BRIDGETOWN, Barbados, April 16, 2010 — Defense Secretary Robert M. Gates said he hopes today’s regional security summit here and President Barack Obama’s Caribbean Basin Security Initiative send a strong signal that “the United States is reengaging with this region” after drawing down its presence following the 9/11 terror attacks.
Speaking at a joint news conference today with seven Caribbean government and defense leaders, Gates said he’s impressed by the innovative approaches being taken to promote collective security through the initiative.
Following what he called a “very productive” meeting to discuss furthering those efforts, Gates lauded the Caribbean nations’ work toward marshalling limited resources to address common threats such as narco-trafficking and violent crime.
These challenges touch U.S. shores as well, and demand that regional nations mount a united front to confront them, Gates said during a joint news conference with Barbadian Prime Minister David Thompson.
Gates conceded that the drug trafficking problem has worsened here due to the success of the Merida Initiative and Mexico’s crackdown on drug cartels there.
“Narco-trafficking is a problem for the hemisphere as a whole,” he said, “and wherever you put pressure, the traffickers will go where there is less resistance and where there is less capability.”
Going forward, Gates said he would like to see broader efforts to connect the regional security system here with efforts under way outside the Eastern Caribbean. This includes efforts by the French, Dutch, Colombians, Peruvians and U.S. Southern Command’s Joint Interagency Task Force.
The secretary praised Barbados as a strong U.S. security partner and a leader in promoting security cooperation in the Eastern Caribbean.
“The United States stands steadfastly with you as you pursue long-term solutions to these problems,” Gates said after meeting with the defense ministers.
Much of that support is provided through the Caribbean Basin Security Initiative that President Barack Obama proposed last April during the Summit of the Americans in Trinidad and Tobago.
The initiative has been built with extensive input from Caribbean nations with a central role for the regional security system, Gates noted today, all aimed at helping regional governments face up to transnational threats.
The $45 million the United States has committed to the effort this year will help improve regional maritime patrol and interdiction capabilities and domain awareness and provide for additional joint training and exercises, he said.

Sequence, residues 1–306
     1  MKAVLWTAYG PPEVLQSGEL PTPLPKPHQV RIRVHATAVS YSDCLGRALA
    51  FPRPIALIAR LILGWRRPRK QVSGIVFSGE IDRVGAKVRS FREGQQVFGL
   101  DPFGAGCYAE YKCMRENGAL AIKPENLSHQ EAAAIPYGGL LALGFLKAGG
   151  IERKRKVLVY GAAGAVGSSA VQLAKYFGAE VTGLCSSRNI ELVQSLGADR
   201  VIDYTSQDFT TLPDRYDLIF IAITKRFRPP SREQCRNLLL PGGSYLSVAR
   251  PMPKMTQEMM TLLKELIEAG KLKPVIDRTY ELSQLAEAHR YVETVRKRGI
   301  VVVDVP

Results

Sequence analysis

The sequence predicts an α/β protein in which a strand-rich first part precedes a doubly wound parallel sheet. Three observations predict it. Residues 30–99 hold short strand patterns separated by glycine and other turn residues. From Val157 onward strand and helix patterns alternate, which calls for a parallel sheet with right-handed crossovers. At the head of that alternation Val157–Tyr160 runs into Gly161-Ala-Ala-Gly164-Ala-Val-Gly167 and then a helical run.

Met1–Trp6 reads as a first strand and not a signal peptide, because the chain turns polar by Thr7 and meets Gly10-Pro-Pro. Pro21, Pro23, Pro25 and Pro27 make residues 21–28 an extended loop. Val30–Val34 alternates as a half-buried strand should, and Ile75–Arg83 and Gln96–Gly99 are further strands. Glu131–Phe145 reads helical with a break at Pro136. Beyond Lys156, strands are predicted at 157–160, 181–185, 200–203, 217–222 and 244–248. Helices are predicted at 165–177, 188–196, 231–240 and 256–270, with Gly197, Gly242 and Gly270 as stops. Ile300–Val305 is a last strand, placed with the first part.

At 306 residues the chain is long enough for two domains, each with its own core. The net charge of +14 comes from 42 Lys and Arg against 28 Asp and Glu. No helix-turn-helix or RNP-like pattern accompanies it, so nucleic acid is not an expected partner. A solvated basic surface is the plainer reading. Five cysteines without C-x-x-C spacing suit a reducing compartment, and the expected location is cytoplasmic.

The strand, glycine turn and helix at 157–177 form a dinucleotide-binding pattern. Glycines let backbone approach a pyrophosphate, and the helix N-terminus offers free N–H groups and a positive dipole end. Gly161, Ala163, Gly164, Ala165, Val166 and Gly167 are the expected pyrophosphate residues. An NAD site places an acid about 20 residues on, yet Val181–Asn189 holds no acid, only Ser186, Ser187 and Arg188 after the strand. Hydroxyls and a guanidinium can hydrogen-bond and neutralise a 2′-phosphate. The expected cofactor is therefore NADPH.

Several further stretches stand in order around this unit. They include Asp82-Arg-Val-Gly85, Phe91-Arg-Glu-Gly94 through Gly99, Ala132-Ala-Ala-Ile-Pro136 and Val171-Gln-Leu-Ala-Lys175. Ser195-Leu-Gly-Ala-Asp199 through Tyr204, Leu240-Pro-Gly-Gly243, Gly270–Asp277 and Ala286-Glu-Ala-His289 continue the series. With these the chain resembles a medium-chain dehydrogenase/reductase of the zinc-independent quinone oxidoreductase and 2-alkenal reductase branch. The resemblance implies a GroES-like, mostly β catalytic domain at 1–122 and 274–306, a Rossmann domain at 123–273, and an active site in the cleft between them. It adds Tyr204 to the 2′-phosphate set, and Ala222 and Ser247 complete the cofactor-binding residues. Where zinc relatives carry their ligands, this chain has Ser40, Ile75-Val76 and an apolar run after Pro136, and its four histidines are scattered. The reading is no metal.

Gates said details about how these funds will be allocated are being hammered out by technical working groups, with one convened today in Washington.
He emphasized that regional nations will be the ones to help determine how the funding can be most effective. The United States already has committed three interceptor boats and communications equipment, but Gates said he heard suggestions today about the need for more law enforcement training and the stand-up of major crimes units.
However, Gates emphasized that the Caribbean initiative represents more as it provides a comprehensive approach to regional security. Its scope extends beyond military and security assistance to address equally critical components of the region’s economic and social stability.
The initiative aims to provide, “not just improved security capabilities to confront immediate threats, but also development assistance in hopes of addressing the root causes of regional problems, such as the lack of educational and employment opportunities, particularly for youth,” Gates said. “That is a strategy we strongly support.”
Fifteen Caribbean Basin nations are included in the security initiative: Antigua and Barbuda, The Bahamas, Barbados, Belize, Dominica, Dominican Republic, Grenada, Guyana, Haiti, Jamaica, St. Kitts and Nevis, Saint Lucia, St. Vincent and the Grenadines, Suriname, and Trinidad and Tobago.
U.S. Department of Defense
Office of the Assistant Secretary of Defense (Public Affairs)